The next thing to do is set up a new Orchard website. It’s easy enough, all you need to do is download the source code from the Orchard website, unzip it and open the solution file in Visual Studio. If you run this in the browser then you can enter an admin username and password and choose your database type, either setup a new database in SQL Server or just choose SQL Server Compact for simplicity. Now we’re in and ready to start writing our own module. If you don’t know how to create an empty module in Orchard then read this. Orchard contains a Code Generation feature so it can do the hard work for you leaving you with a new project in Visual Studio in the Modules folder which is ready for you to start coding in. Make sure you’re using Orchard 1.9 or newer because 1.9 is the first one that gives you the ability to easily add Owin middlewares. I called the module HttpAuth.

You should have a module which looks like this in Visual Studio

2_module_structure.jpg

Remember to enable your module in Orchard like you did for Code Generation when you created the module.

3_enable_module.jpg

We’re ready to go now so lets remember the steps we picked out earlier when we looked at the Visual Studio template solution.

  1. Register the OAuth middleware.
  2. Create a custom Provider which validates user login details.
  3. Create an AccountController so new users can create an account.

Register the Middleware

In Orchard, we don’t have to worry about the Owin Startup class, Orchard takes care of that and gives us an extensibility point for adding middlewares in the form of the IOwinMiddlewareProvider interface. Create a folder in your Orchard module called “Middleware” and create a class in there called “AuthMiddleware”. Paste in the following:

using HttpAuth.Providers;
using Microsoft.Owin;
using Microsoft.Owin.Security.OAuth;
using Orchard.Environment;
using Orchard.Owin;
using Orchard.Security;
using Orchard;
using Owin;
using System;
using System.Collections.Generic;
using System.Linq;
using System.Web;

namespace HttpAuth.Middleware {
    public class AuthMiddleware : IOwinMiddlewareProvider {
        private readonly IWorkContextAccessor _workContextAccessor;

        public AuthMiddleware(IWorkContextAccessor workContextAccessor) {
            _workContextAccessor = workContextAccessor;
        }

        public IEnumerable<OwinMiddlewareRegistration> GetOwinMiddlewares() {
            return new[] {
                new OwinMiddlewareRegistration {
                    Priority = "1",
                    Configure = app => {
                        var oAuthOptions = new OAuthAuthorizationServerOptions
                        {
                            TokenEndpointPath = new PathString("/Token"),
                            Provider = new AuthProvider(_workContextAccessor),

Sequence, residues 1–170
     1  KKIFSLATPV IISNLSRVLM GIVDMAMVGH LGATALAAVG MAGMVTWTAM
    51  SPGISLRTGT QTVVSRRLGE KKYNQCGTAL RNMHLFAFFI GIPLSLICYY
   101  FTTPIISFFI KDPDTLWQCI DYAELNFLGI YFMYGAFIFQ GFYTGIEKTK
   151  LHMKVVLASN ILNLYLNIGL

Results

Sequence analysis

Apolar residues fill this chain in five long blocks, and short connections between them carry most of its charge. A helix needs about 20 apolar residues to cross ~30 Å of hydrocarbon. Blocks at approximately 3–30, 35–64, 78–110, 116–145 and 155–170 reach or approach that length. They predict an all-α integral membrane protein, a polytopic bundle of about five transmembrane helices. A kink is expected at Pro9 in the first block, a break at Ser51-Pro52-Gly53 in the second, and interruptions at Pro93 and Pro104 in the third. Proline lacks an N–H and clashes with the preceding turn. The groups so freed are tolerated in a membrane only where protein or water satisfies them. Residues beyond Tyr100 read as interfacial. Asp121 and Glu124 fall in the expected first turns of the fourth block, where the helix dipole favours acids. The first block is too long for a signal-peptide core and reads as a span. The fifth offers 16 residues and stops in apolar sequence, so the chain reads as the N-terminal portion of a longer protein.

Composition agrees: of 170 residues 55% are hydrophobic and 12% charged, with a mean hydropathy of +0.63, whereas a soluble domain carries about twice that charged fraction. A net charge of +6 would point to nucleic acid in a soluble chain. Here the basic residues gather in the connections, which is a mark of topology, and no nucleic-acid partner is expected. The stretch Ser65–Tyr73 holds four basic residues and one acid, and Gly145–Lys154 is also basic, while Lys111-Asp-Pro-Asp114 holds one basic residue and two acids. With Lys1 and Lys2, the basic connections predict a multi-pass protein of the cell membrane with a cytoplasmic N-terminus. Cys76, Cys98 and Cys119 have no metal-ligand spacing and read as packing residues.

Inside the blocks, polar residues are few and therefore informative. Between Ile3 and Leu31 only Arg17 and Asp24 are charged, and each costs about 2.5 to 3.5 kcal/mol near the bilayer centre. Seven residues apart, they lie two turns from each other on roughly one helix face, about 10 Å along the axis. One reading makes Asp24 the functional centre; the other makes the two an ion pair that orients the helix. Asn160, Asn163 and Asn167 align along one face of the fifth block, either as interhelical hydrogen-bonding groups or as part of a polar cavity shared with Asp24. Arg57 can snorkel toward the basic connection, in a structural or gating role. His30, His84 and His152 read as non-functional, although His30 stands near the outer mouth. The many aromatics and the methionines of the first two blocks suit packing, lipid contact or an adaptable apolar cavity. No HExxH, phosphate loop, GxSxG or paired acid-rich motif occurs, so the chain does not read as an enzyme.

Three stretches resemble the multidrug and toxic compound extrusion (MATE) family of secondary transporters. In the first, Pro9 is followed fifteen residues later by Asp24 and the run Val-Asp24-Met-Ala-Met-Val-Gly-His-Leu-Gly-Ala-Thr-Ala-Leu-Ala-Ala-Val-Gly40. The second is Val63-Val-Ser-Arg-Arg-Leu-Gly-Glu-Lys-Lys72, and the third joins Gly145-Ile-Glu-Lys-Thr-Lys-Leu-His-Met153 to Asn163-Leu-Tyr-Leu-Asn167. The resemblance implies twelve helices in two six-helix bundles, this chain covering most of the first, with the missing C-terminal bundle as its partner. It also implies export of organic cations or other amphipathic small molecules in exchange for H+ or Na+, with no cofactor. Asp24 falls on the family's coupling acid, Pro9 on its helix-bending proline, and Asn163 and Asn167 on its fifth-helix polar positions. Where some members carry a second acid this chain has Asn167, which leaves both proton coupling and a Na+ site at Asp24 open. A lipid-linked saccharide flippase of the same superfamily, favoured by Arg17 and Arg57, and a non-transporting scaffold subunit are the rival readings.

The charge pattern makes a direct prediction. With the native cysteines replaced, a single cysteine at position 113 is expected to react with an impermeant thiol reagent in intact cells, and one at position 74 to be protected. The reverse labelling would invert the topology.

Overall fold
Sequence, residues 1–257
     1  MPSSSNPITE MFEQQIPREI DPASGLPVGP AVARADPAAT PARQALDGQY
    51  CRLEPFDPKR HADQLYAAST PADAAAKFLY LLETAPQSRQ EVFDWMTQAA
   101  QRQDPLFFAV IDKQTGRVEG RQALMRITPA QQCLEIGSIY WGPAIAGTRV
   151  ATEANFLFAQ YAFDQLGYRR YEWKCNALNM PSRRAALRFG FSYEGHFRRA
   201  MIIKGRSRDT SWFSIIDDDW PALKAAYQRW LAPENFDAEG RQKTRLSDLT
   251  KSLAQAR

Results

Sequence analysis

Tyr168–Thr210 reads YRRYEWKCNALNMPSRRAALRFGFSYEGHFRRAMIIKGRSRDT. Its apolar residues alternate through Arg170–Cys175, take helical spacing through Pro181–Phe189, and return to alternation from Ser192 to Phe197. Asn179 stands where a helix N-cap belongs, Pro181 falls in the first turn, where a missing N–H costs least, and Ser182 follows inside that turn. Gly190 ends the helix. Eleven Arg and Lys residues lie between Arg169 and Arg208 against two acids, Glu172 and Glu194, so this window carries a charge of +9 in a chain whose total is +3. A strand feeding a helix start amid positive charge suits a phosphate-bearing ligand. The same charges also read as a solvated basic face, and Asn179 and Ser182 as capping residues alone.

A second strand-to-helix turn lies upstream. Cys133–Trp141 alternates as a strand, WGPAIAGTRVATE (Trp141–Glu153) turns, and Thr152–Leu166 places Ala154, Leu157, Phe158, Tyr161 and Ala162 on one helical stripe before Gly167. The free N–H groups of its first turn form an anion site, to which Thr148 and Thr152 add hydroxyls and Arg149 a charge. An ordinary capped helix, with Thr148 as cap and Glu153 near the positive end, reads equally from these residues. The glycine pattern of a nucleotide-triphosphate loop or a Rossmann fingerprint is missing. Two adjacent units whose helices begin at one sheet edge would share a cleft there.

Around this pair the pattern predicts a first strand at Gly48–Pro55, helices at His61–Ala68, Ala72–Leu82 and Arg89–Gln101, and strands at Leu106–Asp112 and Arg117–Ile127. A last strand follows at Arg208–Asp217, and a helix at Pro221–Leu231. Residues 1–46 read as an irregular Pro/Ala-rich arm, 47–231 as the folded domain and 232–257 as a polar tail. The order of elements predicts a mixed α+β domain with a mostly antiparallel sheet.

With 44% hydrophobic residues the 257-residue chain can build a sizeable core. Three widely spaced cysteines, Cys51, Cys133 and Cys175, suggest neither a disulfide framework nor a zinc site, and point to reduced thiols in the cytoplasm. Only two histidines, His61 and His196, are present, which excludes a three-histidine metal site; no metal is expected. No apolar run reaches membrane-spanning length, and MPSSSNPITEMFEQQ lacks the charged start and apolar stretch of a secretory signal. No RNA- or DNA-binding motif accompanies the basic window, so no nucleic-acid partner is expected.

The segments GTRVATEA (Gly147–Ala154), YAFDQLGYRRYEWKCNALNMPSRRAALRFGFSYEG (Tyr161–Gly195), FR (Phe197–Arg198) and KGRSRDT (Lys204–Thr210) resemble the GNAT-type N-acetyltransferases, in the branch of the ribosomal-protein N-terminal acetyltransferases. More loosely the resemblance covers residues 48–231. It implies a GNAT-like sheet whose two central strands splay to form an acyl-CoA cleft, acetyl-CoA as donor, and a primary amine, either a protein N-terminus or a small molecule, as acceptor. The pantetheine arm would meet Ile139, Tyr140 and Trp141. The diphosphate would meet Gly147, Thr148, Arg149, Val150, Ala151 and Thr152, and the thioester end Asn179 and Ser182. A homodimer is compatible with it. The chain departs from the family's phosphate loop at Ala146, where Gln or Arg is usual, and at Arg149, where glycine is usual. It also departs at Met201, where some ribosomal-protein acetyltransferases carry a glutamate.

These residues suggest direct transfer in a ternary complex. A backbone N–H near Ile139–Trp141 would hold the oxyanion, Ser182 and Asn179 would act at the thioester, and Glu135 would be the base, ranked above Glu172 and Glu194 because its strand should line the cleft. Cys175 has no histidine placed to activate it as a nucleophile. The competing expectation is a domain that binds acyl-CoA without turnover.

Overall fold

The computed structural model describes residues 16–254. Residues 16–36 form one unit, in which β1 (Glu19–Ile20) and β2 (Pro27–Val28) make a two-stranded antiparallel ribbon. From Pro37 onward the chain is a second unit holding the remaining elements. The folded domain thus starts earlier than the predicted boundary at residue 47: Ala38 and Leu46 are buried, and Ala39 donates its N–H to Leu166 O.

AccessTokenExpireTimeSpan = TimeSpan.FromDays(14),
                            AllowInsecureHttp = true
                        };

                        app.UseOAuthAuthorizationServer(oAuthOptions);
                        app.UseOAuthBearerAuthentication(new OAuthBearerAuthenticationOptions());                        
                    }
                }
            };
        }
    }
}

UPDATE - Orchard now uses Nuget instead of a lib folder for most things so this next bit is easier than when the post was first written and the next couple of paragraphs are less relevant now.

We haven’t created the AuthProvider yet but ignoring that for now, we see that we’re missing some references. We’re gonna get them from Nuget but we have to be careful because Orchard stores all the DLLs it needs in a “lib” folder. If we start Nugeting in different versions of DLLs that Orchard already has in its lib folder then we’ll end up with runtime errors. We either need to nuget in the same versions or we need to reference them straight from the “lib” folder. We’ll just be sure to nuget in the same versions this time.

The Nuget package we need is Microsoft.Owin.Security.OAuth, if you search for it in the Package Manager GUI then the current version is 3.0.1 (at the time of writing). You’ll see it has a dependency on Microsoft.Owin 3.0.1 or higher. Orchard already has a Microsoft.Owin DLL in the lib folder and it’s only version 3.0.0. Looking on the Nuget website we can go back through previous versions until we find one that doesn’t have conflicting dependencies, in our case this is version 3.0.0. So Open the package manager console and make sure you set the Default Project to be your module and not Orchard.Web. Then type in